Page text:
The suggested resume action verbs in this article are developed from my years working in human resources and working as a professional resume writer, and includes some of the most effective words and phrases I have seen used and that I regularly use on resumes. Use them well, and you will likely start seeing a better response to your revitalized resume-perhaps even landing an interview for your dream job.
For even more examples of how to use strong language, peruse a sample resume or two on the Great Resumes Fast samples page.
Are you tired of your resume being rejected by applicant tracking systems? I know how frustrating it is to submit your resume and receive no response. I hate seeing qualified people never break through the screening process. It shouldn’t be that way. That’s why I created this guide and I encourage you to download the FREE PDF so you can start seeing better resume response rates!
Positive Verbs That Start With C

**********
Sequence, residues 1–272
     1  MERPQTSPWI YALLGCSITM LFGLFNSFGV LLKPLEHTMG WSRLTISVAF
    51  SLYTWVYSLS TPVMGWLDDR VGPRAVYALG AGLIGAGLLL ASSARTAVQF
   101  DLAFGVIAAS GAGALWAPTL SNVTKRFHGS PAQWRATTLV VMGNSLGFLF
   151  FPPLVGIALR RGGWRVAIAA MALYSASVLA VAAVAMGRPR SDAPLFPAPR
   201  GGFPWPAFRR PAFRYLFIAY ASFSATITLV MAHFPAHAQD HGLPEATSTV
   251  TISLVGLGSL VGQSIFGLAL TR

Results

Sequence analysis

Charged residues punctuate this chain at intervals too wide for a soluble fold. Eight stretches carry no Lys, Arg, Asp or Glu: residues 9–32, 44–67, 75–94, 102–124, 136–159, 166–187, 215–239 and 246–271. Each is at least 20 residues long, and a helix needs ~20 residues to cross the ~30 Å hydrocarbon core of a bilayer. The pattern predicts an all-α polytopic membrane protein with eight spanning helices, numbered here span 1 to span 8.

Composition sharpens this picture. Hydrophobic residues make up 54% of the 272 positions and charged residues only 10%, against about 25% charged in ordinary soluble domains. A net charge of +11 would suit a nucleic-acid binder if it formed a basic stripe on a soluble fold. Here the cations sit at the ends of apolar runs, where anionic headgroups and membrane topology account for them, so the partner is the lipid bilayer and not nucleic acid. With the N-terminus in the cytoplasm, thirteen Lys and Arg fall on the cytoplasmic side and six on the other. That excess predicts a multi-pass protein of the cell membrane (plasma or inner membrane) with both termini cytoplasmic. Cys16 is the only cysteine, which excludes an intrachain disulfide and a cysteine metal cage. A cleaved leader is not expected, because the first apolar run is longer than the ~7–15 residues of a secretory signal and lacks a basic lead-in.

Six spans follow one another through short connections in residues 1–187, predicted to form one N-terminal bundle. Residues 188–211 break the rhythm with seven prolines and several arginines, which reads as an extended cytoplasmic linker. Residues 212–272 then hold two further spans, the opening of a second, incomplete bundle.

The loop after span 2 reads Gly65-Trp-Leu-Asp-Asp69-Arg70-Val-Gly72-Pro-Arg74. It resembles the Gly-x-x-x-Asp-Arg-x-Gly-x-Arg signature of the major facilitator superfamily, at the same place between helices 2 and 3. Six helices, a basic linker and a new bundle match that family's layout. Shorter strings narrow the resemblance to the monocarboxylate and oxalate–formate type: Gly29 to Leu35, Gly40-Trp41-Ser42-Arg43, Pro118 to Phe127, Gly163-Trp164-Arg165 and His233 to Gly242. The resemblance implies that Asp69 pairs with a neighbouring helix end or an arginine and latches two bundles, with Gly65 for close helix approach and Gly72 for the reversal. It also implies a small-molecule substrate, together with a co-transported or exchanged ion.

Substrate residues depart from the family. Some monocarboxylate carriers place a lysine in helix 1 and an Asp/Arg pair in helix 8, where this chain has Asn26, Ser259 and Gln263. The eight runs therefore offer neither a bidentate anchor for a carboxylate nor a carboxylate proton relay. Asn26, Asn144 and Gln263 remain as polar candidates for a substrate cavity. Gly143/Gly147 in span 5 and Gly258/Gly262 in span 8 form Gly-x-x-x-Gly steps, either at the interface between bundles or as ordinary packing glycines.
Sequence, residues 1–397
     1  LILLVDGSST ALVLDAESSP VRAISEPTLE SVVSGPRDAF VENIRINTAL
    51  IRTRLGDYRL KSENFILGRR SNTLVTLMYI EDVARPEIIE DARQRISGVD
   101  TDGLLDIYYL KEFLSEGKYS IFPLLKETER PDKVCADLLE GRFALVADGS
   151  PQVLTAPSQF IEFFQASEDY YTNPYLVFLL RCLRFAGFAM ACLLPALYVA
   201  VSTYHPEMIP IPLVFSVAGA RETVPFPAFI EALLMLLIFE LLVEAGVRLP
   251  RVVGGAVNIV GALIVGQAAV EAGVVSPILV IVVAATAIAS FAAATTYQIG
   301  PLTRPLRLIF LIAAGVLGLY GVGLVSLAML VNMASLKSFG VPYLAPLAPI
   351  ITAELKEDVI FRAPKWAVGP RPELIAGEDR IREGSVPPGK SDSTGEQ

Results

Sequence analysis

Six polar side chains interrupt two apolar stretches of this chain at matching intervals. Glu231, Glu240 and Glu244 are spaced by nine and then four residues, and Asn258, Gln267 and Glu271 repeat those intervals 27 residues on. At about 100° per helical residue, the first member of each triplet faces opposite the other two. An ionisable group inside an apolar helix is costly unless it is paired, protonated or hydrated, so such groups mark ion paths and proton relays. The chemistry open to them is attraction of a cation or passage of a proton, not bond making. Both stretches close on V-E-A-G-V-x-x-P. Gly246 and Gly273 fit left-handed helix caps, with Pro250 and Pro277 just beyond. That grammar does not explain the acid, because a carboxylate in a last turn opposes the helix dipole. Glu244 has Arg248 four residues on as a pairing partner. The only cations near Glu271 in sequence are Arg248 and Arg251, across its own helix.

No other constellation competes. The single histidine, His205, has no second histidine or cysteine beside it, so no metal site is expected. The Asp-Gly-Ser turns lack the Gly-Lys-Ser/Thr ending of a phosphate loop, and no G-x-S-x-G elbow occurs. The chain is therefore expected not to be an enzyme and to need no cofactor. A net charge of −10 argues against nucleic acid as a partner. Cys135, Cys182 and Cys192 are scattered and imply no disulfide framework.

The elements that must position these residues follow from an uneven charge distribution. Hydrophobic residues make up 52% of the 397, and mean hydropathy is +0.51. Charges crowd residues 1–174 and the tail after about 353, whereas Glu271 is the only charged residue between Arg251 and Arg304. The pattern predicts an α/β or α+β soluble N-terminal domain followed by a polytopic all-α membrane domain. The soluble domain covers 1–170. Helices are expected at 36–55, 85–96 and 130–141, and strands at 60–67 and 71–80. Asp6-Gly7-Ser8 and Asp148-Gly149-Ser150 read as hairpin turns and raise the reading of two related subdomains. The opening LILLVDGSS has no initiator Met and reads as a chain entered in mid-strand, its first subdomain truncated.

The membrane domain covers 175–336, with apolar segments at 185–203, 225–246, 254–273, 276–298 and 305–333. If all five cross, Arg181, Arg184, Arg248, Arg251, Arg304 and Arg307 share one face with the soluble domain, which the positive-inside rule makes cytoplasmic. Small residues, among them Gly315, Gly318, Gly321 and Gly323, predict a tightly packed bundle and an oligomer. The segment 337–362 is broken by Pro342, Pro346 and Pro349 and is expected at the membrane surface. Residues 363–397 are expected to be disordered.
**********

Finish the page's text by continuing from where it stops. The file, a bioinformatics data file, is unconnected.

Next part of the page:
LIST OF POSITIVE VERBS STARTING WITH C
Call to announce or say with clear and carrying voice; to ask for the presence or a meeting of; convoke; summon; to label or designate; to give the signals or ordersCalm make or become calm, steady, serene or still.Camp to act in humorously vulgar, banal or artificial manner; to lodge or shelter in a camp; settle; to set up or make a camp.Can to know how to; to be able to accomplish, make or do; to understand; used to indicate capability of physical or mental ability.Candy to coat or become coated with something sweet.Canoodle to fondle, caress, pet or make love.Captivate attract; cause to be enamored.Care feel concern or interest; have care of or look.Caress to stroke or touch in a loving or affectionate manner; to treat kindly, fondly or favorably; to cherish; to move or touch as if with a caress.Carol to sing in a joyful, cheerful and loud manner; to celebrate or praise in or as if in song.Cast to bestow or confer; to arrange or give a form to; to throw, roll or draw.Cater to provide entertainment or food; to provide or satisfy what is required or needed; to be particularly solicitous or attentive.Cause give rise to; cause to happen or occur.
Celebrate to honor by solemn rites by ceremonies of respect and joy or by refraining from ordinary business; praise eloquently; to extol.Center to place at or in the center; to direct toward a central point or center; to be concentrated or concentrate; to be focused; to have central theme.
The more you praise and celebrate your life, the more there is in life to celebrate. Oprah Winfrey TWEET THIS